Archive for June 2011

The VogelSong: Hope Springs Eternal

June 23, 2011

There’s no way Ryan Vogelsong should be pitching this well.  Since leaving A-ball twelve years ago, Ryan’s best seasons (or parts thereof) were ten starts at AAA Indianapolis in 2006 (2.66 ERA) and twelve starts for the Hanshin Tigers of the Japanese NPB in 2008 (3.99 ERA).  His only effective major league season was for the Pirates in 2005 when he posted a 4.43 ERA in 44 relief appearances covering 81.1 IP (he was obviously the long reliever on one of MLB’s worst teams, albeit a decent one).

Yet, after tonight’s stoppage of the Twins, Ryan has a 1.72 ERA, he’s allowed two or fewer runs in six or more innings in eight of his last nine starts, and in the ninth start he allowed one run in five IP.  In today’s game, you cannot reasonably ask much more from a starter than that.

To boot, Ryan is 33 years old, well older than a player should suddenly develop that secret weapon.  In fairness to Ryan, he always had good stuff, but untimely arm injuries (is there ever a timely one?) and a lack of command have always prevented him from being an effective major league pitcher.  This year he’s found his command, and, according to Giants manager Bruce Boche, he has it with four different pitches.

I don’t expect Vogelsong to keep it up.  How many great pitchers record a sub-2.00 ERA these days at all?

I guess the real question is can Vogelsong pitch out the year and keep his ERA within a run of 1.72?  The law of averages has a way of catching up to pitchers with Vogelsong’s career record.  If they don’t suddenly lose it as fast as they seemed to get it, they get hurt.  Vogelsong has already had at least one major arm injury in his career.

That being said, one of the great things about baseball is that every so often a player like Vogelsong can have an entire season, just completely out of line with the rest of his career.  Remember Davey Johnson in 1973?  Steve Stone in 1980?  Brady Anderson in 1996?

Actually Johnson, Stone and Anderson were all considerably better players than Vogelsong going into their career years, but the point is the same.  Pitchers, in particular, can have one full season in which they catch lightning in a bottle.  Gene Bearden and Jim Konstanty, to name two who popped into mind. They can even have significant post-30 careers if they have good stuff and suddenly find their command.

I fully expect that Ryan Vogelsong will regress towards his career norms in 2012, when he’ll be 34 years old and MLB’s hitters will be fully familiar with his stuff.  Still, there is at least some precedent to suggest he can continue to be a dominating starter this year, which is just about all the Giants and their fans are hoping for right now.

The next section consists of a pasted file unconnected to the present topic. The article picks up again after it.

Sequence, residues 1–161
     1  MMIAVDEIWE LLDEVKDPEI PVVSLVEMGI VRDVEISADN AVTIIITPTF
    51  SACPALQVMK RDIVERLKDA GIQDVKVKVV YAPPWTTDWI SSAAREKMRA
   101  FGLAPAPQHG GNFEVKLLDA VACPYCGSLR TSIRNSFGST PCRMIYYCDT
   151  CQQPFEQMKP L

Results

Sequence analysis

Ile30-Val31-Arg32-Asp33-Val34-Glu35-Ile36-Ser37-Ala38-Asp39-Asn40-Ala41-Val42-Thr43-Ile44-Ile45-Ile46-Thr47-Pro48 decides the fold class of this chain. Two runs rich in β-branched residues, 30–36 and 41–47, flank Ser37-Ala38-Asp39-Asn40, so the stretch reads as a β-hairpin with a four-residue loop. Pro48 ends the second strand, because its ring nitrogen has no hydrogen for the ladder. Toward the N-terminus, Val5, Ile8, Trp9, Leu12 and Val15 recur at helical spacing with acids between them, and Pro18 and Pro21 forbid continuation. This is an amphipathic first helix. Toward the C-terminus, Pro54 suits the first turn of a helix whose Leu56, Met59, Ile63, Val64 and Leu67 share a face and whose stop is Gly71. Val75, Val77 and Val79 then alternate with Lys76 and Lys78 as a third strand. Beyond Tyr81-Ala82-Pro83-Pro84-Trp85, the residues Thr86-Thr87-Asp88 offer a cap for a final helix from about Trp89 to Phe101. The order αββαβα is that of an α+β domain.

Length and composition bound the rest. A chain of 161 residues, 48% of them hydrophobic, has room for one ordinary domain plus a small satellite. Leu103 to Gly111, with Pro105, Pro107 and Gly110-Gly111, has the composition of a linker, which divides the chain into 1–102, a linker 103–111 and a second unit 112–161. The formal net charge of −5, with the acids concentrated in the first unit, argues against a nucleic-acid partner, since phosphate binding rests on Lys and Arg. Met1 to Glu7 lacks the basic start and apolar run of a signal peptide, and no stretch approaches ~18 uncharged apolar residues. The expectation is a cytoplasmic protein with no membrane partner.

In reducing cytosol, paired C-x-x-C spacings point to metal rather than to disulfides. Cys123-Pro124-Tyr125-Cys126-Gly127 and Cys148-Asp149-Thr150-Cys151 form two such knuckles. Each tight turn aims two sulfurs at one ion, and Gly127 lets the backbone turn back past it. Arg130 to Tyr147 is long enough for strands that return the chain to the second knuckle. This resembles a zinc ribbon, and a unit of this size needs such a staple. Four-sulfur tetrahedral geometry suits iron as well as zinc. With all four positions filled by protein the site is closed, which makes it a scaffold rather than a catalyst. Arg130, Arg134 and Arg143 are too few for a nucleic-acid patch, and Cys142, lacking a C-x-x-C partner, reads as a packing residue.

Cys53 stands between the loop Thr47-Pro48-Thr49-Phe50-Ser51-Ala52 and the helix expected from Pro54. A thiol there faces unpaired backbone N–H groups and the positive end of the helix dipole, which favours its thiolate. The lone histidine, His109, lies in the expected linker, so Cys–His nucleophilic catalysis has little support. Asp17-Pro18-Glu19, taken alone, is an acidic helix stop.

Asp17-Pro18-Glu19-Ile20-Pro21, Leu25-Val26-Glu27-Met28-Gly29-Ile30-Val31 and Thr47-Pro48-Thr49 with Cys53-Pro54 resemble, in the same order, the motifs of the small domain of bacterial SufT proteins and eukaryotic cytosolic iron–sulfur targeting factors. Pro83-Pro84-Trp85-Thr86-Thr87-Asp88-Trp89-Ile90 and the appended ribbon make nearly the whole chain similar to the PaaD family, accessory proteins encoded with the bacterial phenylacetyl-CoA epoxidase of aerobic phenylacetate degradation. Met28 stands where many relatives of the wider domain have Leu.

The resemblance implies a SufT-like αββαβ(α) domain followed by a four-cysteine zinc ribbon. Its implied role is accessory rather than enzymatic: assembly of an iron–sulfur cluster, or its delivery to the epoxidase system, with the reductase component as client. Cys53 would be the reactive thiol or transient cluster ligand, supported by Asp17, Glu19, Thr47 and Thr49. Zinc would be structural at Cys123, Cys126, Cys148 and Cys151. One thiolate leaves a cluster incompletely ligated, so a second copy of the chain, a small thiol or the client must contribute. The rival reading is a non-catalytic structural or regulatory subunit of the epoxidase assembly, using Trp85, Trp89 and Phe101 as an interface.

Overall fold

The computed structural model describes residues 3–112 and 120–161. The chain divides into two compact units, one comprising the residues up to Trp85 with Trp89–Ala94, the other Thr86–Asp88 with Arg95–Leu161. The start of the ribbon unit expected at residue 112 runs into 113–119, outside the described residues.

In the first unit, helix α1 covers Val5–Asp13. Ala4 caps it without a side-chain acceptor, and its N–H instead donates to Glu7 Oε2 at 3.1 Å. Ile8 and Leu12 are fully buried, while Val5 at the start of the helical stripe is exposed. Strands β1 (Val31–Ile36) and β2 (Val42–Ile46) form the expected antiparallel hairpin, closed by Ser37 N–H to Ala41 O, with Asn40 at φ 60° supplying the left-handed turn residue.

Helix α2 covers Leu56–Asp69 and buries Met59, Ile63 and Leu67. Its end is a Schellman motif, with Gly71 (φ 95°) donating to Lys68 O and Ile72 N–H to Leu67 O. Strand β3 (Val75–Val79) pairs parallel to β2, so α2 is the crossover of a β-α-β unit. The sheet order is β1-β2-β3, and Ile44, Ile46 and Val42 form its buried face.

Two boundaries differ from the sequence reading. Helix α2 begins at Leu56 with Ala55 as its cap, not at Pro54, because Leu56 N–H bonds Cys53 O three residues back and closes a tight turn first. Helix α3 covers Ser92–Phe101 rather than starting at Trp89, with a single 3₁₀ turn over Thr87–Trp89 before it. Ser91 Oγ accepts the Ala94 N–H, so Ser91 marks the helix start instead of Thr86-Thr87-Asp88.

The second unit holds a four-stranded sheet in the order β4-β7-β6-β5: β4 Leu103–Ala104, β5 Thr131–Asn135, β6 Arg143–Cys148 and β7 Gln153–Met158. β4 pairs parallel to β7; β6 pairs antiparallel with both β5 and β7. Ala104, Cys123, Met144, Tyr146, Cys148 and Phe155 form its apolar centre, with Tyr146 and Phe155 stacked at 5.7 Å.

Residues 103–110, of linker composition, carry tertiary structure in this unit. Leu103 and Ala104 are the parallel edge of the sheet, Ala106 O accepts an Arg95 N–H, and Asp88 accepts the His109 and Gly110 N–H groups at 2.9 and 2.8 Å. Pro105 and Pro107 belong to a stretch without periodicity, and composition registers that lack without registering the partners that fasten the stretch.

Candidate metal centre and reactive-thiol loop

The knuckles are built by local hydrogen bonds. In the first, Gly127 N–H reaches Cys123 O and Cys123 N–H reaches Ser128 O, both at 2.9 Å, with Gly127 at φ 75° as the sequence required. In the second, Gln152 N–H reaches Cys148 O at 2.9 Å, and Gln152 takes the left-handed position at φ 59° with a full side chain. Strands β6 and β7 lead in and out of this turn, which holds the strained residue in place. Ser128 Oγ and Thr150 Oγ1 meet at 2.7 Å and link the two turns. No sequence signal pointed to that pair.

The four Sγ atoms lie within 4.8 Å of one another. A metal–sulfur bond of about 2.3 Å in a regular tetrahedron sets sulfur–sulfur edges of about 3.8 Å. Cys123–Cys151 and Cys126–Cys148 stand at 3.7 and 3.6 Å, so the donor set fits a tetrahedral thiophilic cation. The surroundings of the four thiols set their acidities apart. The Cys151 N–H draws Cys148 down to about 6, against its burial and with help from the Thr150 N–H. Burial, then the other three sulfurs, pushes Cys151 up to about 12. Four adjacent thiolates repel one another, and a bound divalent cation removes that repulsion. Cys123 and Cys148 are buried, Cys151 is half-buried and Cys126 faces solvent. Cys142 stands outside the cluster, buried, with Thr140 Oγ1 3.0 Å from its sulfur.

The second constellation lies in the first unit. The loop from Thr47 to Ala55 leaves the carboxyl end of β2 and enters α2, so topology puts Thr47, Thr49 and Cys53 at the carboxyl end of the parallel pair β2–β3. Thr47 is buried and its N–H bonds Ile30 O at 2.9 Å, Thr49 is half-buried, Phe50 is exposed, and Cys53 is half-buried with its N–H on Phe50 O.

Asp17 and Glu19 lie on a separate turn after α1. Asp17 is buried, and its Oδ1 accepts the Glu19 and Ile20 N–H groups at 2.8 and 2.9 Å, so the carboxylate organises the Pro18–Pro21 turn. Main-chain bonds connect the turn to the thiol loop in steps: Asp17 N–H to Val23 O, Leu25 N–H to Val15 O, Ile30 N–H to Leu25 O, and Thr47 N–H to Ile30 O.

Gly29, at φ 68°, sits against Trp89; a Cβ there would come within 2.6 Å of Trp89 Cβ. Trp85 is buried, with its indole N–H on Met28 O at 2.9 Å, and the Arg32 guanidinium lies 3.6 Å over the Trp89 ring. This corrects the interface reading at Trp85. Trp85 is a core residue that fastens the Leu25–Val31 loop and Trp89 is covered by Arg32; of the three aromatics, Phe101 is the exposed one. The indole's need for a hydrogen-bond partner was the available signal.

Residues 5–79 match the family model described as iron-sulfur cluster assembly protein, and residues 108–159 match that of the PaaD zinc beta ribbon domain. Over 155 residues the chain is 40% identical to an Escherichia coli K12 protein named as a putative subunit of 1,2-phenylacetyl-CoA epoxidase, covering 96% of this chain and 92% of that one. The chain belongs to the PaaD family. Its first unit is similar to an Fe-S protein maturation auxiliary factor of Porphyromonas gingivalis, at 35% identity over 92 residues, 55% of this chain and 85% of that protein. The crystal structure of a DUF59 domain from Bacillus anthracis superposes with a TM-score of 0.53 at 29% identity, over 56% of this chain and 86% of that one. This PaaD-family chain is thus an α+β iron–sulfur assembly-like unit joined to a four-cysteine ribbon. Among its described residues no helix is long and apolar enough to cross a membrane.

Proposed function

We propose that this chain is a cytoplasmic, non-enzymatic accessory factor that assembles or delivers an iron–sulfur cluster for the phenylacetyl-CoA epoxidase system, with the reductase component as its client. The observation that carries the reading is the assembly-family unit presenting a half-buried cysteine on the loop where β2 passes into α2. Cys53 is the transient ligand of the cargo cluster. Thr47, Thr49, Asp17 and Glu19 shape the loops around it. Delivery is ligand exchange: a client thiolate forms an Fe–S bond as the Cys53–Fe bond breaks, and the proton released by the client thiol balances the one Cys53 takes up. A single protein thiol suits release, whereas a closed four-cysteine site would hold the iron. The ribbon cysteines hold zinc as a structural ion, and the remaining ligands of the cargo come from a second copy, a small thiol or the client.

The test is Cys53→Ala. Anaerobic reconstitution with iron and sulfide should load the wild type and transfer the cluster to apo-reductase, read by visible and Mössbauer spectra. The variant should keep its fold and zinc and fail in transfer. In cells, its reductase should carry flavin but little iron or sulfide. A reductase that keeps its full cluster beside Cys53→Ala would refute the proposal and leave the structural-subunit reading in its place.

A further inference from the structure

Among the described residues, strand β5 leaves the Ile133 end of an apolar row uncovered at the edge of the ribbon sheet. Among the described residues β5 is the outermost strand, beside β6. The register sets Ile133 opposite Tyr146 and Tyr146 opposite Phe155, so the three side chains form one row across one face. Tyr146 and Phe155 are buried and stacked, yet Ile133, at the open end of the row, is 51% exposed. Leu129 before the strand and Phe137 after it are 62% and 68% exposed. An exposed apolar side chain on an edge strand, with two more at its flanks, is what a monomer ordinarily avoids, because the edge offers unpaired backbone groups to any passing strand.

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Wishful Thinking

June 23, 2011

I saw this post on mlbtraderumors.com, which says that the Giants are one of six teams listed on Mark Ellis’s no-trade list and the Giants have already had internal discussions about acquiring him.  As I’m sure you know, Jemile Weeks is the A’s 2Bman of the future who, after an 0-for-6 night tonight is still hitting .321 with an .867 OPS through 14 major league games.

The thought immediately popped into my mind that a Barry Zito for Mark Ellis trade would be wonderful. Obviously, the two teams would continue to pay most of their existing contract obligations.  Mark Ellis is owed a pro-rated $6 million going forward, and Zito is owed (yeesh!) approximately $56 million.

That’s a big pill to swallow, but the Giants really need another middle infielder, this is a year when they are determined to try to win again while their starters are still at their peak, and in San Francisco Zito is obviously the sixth man in a five-man rotation.

Mark Ellis is a way underrated/underpaid player on both sides of the ball, at least according to fangraphs.  Meanwhile, the A’s would get in return a popular former player for the cost of Mark Ellis (actually, the A’s would probably have to throw in some amount of money up to a $3-5 million for each future guaranteed season of Zito), who might regain some of his old magic pitching back in Oakland.

Also, the A’s have had plenty of injuries this year to their young pitching (starters Brett Anderson, Brendan McCarthy and Tyson Ross are on the DL as I write this), and if the Giants eat most of Zito’s future salary, he would make a pretty good insurance policy against future injuries, since the one real value Zito’s had since signing his wind-fall contract is his ability to eat innings (an average of 191 IP per year for the four seasons before this one).  As disappointing as the Zito contract has been, he has certainly made a good 4th or 5th starter.

In his  second rehab start at AAA Fresno last night, Zito threw a complete game two-hitter in which he walked two and struck out seven.

 

 

The Sad Saga of Tagg Bozied

June 21, 2011

Robert Tanios Taggert Bozied, better known as Tagg, is possibly the best hitter in North America who has not played even one game in the major leagues.  His story, which I will set forth as follows, is one of bad decisions, bad luck and bad health.

Tagg was born in Souix Falls, South Dakota and went to high school in Arvada, Colorado, a suburb of Denver.  He was enough of a prospect to be selected in the 50th round by the Twins in the 2007 Draft, but not enough of prospect to be recruited to an absolutely top-flight college program.  He enrolled at the University of San Francisco in the West Coast Conference (WCC), which is made up largely of Jesuit colleges and has produced its fair share of major league ballplayers.